Cynan Jones has a light touch with painful and ugly truths, as illustrated in his latest novel, The Dig. At the heart of this short work set in rural Wales is the intense desire for an elusive harmony, for which the principal characters search in very different ways. The themes of The Dig are isolation and loss, and Jones quickly establishes a dark atmosphere by placing much of the action at night, either in the woods where a man traps badgers to sell for badger baiting, or on the nearby small farm where a young farmer is struggling on his own, stupefied by exhaustion, through the lambing season.
At only 150 pages, this is a brief work, but immensities of pain and personal history are expressed in short, terse paragraphs shifting between the badger’s sett and the lambing shed. The man, or the Big Man, as he is called throughout, deals in cruelty as a saleable commodity, while death shadows the efforts of Daniel, the farmer, to help his ewes to bring new life to his troubled farm. They have opposing goals, but these are both expressed through the metaphor of digging or intrusion: the man excavates sets while Daniel delves deep inside a sheep’s uterus for a creature that cannot, but must, be born.
Jones writes with passion about the landscape and wildlife of Wales, and in the Big Man he has created a poisonous and terrifying threat to a way of life he values. And yet in a twisted way the man also loves the land, knows it intimately and fears for himself the entrapment and torture he deals out to the badger.
The darkness is an active narrative force, hiding the unspeakable, suppressing voices, allowing complicity to emerge between the man and his helpers, drowning the farmer in numbing, relentless labour. This is a work full of metaphor and symbolism. There is a pervasive sense of a primitive, mythological past just under the surface in The Dig, and Daniel attributes the ‘wrongness’ into which his life has fallen, to interference with an ancient touchstone. At that moment of destruction, a palpable horror, in the shape of the man, appears through the mist like an uncanny spirit sent to blight Daniel’s world.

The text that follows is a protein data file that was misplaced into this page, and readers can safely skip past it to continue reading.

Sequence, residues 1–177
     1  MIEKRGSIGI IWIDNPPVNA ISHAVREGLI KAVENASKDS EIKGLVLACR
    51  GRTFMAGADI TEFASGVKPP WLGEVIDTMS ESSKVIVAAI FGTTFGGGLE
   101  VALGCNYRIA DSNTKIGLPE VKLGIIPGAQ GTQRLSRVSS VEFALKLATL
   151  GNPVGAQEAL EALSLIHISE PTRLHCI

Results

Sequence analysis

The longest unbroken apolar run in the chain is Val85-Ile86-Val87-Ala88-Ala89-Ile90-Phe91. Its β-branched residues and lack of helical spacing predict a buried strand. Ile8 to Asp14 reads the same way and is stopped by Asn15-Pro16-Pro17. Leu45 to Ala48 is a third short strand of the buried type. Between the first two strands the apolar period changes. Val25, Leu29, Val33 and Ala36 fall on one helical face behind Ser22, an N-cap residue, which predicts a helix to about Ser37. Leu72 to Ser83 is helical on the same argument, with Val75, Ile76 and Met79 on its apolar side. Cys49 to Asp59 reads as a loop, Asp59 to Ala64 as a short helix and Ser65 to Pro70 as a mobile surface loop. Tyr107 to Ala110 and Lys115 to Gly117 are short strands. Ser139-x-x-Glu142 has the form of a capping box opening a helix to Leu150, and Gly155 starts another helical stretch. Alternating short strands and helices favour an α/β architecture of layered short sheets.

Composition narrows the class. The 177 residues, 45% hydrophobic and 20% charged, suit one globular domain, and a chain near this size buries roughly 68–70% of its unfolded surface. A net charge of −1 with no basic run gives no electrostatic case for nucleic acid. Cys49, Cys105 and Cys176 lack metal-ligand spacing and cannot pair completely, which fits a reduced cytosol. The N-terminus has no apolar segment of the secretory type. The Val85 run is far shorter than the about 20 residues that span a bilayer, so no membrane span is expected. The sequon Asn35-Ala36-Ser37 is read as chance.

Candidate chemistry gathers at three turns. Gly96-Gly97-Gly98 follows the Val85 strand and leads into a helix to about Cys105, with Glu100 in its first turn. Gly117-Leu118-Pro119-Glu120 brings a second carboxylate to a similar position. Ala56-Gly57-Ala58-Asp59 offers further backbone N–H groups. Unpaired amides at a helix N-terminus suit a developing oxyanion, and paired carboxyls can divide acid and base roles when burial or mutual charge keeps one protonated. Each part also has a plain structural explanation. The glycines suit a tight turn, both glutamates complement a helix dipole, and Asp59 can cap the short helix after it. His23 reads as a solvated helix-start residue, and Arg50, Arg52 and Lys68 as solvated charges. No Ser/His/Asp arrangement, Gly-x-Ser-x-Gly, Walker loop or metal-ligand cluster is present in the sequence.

Cynan Jones’ first success was with The Long Dry, which won him a Betty Trask Award in 2007, and that work too was set on a small Welsh farm. The Dig, his third novel, is an accomplished and compelling work with the compression and economy of a short story. Sometimes the symbolism is predictable. The image of a bag concealing the trapped badger, for instance, is repeated in the bloody, membranous sac as a sheep strains to give birth, and in the sack containing a malformed lamb. Occasional excess of that sort is forgivable, though, because the language of the book is unsentimental and blunt, richly evoking sound and colour and a contrapuntal, nocturnal lack of colour. Jones combines words unexpectedly and uses an occasional mid-sentence absence of punctuation to support the sense of dazed confusion in which Daniel is living.
This is a challenging read and it delivers many punches, but Jones achieves something quite extraordinary in the process. We are clear about his views on the terrible sport of badger baiting. But we also see an almost tender understanding of human nature, taking us beyond stereotype into the mind of the Big Man, whose only sense of self is in his ability to control his dogs and manipulate his customers. Like Daniel, he is digging deep into aspects of himself to hide from his greatest fears.Despite its sometimes difficult subject matter, once you’ve started to read The Dig, you may well find you can’t opt out.